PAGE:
As I said before, the service is new and there are going to be bumps in the road, give it time and they should get fixed, and as Canadians we should be used to bumps and potholes in any road.

tcg

I signed us up for Netflix shortly after it was available in Canada, mostly due to a well played advertising campaign that allowed me to try it for a month free.  (you can check it out here) It was nearing Christmas time and I knew the kids would be around looking for things to amuse them, and typically they have a lot of time off to do absolutely nothing. Personally i’m all for making the kids go to school right up to the day before Christmas if for no other reason than to give them something to do other than drive parents nuts, but i digress.

We used Netflix a lot that first month.  I mean, TONS.  It was on all the time, whether it was on iPod/ iPhones/ Apple TV/ laptops/Xbox360 or the Wii, it seemed somebody somewhere in the house was watching something on it – if not more than one. Being able to start watching a show on one device and then switch to another and pick up right where you left off is genius.  The programs available may be a little behind the networks, but the list seems to be getting better and more current all the time.  Its not as good as what they offer in the USA but give it time, it is still in its infancy up here in the frozen north.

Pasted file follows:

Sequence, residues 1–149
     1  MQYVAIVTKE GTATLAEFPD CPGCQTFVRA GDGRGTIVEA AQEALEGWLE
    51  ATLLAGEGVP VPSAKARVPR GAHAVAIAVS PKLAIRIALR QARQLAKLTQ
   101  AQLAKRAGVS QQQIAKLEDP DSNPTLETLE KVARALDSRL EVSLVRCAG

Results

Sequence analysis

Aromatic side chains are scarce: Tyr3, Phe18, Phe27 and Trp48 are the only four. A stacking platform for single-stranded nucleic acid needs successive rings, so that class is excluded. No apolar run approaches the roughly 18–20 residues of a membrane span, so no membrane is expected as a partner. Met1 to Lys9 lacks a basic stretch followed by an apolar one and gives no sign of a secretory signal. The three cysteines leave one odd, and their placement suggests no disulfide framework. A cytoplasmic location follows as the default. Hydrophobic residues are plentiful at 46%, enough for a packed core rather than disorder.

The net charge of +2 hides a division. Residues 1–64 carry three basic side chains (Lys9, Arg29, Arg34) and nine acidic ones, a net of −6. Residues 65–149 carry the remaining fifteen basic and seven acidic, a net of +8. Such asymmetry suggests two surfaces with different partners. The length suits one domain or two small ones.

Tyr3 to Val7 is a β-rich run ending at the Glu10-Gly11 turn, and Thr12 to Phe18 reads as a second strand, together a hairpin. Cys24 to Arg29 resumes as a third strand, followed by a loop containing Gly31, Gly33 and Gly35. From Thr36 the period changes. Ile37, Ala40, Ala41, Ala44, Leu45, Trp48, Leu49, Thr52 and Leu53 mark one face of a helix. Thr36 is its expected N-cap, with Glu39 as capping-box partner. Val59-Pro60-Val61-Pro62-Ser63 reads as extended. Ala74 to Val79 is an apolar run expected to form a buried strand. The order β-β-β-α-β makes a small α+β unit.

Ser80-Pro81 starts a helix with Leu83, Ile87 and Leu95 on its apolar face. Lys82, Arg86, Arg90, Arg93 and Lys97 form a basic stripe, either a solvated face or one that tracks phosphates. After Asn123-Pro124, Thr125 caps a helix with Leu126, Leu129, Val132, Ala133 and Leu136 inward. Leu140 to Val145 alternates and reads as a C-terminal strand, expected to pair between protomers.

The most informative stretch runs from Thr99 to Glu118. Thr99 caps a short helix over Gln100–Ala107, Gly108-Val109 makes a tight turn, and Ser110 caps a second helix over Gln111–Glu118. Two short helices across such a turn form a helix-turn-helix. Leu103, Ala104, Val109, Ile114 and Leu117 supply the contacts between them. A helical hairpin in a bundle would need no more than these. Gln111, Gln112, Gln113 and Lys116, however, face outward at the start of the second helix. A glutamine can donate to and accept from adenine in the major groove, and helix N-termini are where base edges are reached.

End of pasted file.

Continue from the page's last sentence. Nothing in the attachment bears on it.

One of the things I love is the personal experience you seem to get.  I’ve had numerous emails asking about quality of programs we’ve watched and most recently an apology for the bad service one day.  In all fairness,  the picture didn’t seem overly bad that day compared to others, but many times that is due to our lousy internet out here, but i’m not going to get into that since I think i’ve beaten that topic to death over the past few years.

They offered a refund for 3% which basically amounts to a day free since the service wasn’t up to their standards.  I’m all for free.  The fact they offered it up without having to contact them to complain goes a long way in my books.  Its nice to deal with a company that is proactive instead of reactive when it comes to the service they are providing.  The little things like alerting you there is a problem with the billing for instance (I had changed credit cards associated with my paypal account), and then sending you an email informing you it is fixed, makes you feel like they actually care about you and are listening and responding.   Some of the bigwigs in the telecom world could learn a few things from them I say.